CICRP programme steering: Philippe Bromblet (director) and Jean-Marc Vallet

Partnership(s): Center for Interdisciplinary Nanoscience of Marseille (CINaM), Paul Cézanne Aix University – Marseille III

The research efforts on the role of soluble salts in the alteration of materials have been carried out primarily in the context of the doctorate of Julie Désarnaud, student co-supervised by the CINaM and the CICRP. This doctorate, entitled ‘Alteration process of stones by cristallisation of soluble salts’, has been financed by a PACA regional grant.

This research has consisted in renewing the experiments carried out since 1920 (Taber, Correns etc.) that are at the root of the concept of cristallisation pressure. An experimental device was developed to measure the displacement induced by potential growth of the constrained faces of a KCl crystal submerged in a saturated solution in a controlled environment of T and HR and subjected to a known initial theoretical constraint on its upper face. The dimensions and weights of crystals are monitored before and after the experiment. The development of the height of the crystal is continuously monitored during the entire duration of the experiment by a displacement sensor. The experiment is carried out under different conditions (contact or near-contact of the mechanical constraint and the crystal, different rates of solution saturation etc.). In every case, the height of the crystal decreases progressively through the dissolution of the constrained summital and basal faces. The constrained faces have a higher solubility than the non-constrained faces and dissolve under mechanical constraint in every scenario, in accordance with Riecke’s principle as well as the general laws of crystalline growth. These experiments call into question the notion of crystallisation pressure as referred to in alteration phenomena of stone relating to soluble salts.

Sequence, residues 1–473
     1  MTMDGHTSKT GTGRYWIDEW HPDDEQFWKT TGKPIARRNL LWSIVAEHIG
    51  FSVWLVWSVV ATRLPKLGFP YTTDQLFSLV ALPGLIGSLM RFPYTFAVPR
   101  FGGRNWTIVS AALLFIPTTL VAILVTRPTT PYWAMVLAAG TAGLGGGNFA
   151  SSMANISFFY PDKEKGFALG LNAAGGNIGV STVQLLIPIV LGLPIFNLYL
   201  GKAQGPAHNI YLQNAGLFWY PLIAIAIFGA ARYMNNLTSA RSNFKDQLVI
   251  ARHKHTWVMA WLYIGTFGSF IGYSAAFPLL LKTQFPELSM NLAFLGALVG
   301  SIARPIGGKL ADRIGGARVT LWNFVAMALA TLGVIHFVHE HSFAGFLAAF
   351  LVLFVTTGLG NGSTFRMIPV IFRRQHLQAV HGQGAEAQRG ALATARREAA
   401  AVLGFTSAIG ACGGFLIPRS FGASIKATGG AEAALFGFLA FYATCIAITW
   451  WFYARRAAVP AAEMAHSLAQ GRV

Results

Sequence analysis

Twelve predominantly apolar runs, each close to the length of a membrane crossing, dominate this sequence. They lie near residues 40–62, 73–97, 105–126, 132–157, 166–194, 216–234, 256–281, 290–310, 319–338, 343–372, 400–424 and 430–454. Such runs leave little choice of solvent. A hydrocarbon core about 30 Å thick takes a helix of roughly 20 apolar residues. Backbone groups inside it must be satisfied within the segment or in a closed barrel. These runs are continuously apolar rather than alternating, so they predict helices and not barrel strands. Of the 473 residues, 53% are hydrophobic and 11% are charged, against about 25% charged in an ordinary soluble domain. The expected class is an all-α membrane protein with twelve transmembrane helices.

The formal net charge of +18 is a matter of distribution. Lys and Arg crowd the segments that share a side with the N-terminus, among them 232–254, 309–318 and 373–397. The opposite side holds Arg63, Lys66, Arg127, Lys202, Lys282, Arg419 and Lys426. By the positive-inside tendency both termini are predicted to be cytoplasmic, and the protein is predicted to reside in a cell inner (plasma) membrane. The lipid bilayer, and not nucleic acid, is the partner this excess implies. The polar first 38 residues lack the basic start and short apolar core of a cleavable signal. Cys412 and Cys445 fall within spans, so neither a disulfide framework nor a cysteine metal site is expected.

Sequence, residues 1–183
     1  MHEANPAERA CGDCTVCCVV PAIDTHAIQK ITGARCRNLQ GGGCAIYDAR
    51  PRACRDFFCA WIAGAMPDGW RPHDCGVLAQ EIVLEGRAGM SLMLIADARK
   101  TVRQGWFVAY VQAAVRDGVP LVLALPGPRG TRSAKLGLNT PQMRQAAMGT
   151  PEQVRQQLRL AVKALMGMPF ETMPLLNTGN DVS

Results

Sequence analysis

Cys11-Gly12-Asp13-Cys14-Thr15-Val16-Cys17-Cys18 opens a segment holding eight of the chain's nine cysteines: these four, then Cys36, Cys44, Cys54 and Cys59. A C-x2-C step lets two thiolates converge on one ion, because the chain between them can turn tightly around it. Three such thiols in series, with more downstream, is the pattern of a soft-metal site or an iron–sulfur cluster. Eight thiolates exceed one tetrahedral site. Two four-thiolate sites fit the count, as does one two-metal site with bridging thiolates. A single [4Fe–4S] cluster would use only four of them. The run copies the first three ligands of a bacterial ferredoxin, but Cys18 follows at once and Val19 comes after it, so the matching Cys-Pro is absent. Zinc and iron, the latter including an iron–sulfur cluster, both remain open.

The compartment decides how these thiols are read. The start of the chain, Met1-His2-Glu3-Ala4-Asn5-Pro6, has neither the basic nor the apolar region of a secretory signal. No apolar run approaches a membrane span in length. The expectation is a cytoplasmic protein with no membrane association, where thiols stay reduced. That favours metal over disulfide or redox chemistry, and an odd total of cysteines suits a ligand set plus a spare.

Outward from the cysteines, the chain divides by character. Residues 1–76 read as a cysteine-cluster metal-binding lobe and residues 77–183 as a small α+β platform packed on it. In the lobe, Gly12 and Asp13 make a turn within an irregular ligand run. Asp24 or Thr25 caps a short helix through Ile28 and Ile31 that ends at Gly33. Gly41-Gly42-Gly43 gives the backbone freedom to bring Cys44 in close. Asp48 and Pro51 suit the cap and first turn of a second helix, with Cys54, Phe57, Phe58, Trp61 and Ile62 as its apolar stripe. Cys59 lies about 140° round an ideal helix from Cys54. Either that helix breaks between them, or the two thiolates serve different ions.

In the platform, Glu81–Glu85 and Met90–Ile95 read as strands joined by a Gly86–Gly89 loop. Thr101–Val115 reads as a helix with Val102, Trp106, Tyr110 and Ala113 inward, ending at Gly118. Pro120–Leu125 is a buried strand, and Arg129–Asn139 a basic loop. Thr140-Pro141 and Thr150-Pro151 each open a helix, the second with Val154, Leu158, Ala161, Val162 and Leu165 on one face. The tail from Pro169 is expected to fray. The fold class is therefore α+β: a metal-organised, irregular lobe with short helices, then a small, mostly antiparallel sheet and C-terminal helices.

• Workshop CRYSPOM 1 organised by the École Nationale des Ponts et Chaussées in Paris in 2008, communication and publication of the summary ‘Crystal growth under mechanical constraint: new experimental results using KCl‘, J. Désarnaud, p. 1.